OP: The Yul Brynner Cookbook
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Best known for his two-time Tony and one-time Academy Award-winning role as King Mongkut in Rodgers and Hammerstein’s musical The King and I, Yul Brynner (1920–1985) was also a musician, a trapeze artist, and a photographer. He was of Swiss, Russian, Romani, and Mongolian descent and spoke 11 languages. The magnetic star lived and traveled the world many times over.
Published in 1983, The Yul Brynner Cookbook honors the actor’s multicultural experience. It begins with Russian and Japanese dishes, the cuisine of Brynner’s birthplace, Sakhalin Island—alternately claimed by both Russia and Japan—and the Romani and Swiss fare of his mother and father’s heritage, respectively.
Brynner immigrated to China, where he lived for much of his early childhood, and then to Paris in the early 1930s; the cuisines of both countries are thus also featured. The food of Thailand represents the final section, no doubt an homage to the role he performed over 4,000 times.
You will find a dizzying diversity of dishes:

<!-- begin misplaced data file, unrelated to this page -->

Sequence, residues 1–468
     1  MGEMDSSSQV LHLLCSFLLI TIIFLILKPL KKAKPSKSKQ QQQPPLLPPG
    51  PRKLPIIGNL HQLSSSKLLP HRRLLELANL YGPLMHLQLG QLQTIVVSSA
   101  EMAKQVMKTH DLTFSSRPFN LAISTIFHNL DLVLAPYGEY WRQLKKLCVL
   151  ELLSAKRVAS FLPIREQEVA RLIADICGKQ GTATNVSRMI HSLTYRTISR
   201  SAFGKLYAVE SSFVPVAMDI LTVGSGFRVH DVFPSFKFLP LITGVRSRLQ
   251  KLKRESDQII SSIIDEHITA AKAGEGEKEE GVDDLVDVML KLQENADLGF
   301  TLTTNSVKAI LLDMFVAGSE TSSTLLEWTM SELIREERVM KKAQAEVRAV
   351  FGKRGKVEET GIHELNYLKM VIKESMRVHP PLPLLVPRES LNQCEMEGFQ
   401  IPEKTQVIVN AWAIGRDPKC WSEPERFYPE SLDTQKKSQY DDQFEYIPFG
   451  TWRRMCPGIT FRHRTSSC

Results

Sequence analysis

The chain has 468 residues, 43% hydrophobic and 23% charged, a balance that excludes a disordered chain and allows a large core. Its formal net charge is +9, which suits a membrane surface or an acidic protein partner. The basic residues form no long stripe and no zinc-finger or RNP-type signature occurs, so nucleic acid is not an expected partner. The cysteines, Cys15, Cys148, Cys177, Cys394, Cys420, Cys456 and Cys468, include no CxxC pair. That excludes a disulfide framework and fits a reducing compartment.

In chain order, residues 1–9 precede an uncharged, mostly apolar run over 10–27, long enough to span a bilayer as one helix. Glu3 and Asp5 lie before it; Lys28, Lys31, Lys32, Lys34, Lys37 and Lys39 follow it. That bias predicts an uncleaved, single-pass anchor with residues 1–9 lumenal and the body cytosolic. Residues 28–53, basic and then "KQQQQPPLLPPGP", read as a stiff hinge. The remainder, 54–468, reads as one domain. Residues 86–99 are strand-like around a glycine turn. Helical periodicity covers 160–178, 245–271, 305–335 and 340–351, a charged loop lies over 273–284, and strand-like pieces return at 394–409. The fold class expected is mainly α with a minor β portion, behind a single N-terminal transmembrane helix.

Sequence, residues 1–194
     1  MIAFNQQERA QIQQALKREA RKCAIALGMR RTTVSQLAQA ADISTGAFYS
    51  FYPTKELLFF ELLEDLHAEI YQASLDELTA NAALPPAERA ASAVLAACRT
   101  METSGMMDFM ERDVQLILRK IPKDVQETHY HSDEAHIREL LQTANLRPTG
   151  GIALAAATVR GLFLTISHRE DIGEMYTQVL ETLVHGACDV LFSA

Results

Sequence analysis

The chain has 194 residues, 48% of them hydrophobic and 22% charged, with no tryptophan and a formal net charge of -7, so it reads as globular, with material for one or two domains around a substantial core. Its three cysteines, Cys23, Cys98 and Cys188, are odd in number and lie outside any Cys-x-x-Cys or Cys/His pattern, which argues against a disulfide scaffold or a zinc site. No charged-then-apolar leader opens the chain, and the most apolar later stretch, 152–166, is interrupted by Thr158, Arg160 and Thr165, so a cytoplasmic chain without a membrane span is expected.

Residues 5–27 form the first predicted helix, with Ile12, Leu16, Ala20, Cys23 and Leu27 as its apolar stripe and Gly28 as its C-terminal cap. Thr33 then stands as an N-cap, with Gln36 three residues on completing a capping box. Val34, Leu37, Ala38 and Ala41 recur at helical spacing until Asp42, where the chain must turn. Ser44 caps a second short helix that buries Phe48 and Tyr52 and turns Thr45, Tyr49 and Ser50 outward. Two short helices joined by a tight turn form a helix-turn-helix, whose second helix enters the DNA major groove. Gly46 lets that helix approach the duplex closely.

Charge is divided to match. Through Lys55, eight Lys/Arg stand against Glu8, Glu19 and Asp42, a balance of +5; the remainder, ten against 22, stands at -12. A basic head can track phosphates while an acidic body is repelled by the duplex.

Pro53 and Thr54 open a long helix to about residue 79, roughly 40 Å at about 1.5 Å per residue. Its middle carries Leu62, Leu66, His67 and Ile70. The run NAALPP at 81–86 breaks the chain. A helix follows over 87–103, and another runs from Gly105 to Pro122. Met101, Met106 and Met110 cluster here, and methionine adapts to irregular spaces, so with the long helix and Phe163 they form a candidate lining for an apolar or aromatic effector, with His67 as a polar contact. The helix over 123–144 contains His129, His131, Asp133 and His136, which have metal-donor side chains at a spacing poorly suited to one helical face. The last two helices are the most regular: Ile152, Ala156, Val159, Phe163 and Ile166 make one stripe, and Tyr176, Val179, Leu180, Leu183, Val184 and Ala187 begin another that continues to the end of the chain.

- blini, borsch, and stuffed cabbage
- sauteed bamboo shoots, nigiri, and yakitori
- dandelion soup, goulash, and rabbit stew
- fondue, veal cordon bleu, and chiffon cake
- chiao tze, vegetable duck soup, and Szechuan pepper beef
- coquilles St. Jacques, vichyssoise, and souffle Rothschild
- masaman curry, ginger fish, and coconut rice custard
It is uncommon to find a cookbook that so effectively captures such a range without muddying the subject matter. Not the final word on any cuisine, but worthwhile and engaging, unburdened by the usual kitsch of a celebrity cookbook.We offer a Fine first printing of this scarce title. The page edges are beginning to fox, otherwise the book block and case are as new. The jacket is unclipped and Fine, save for the remnants of an old price sticker on the cover.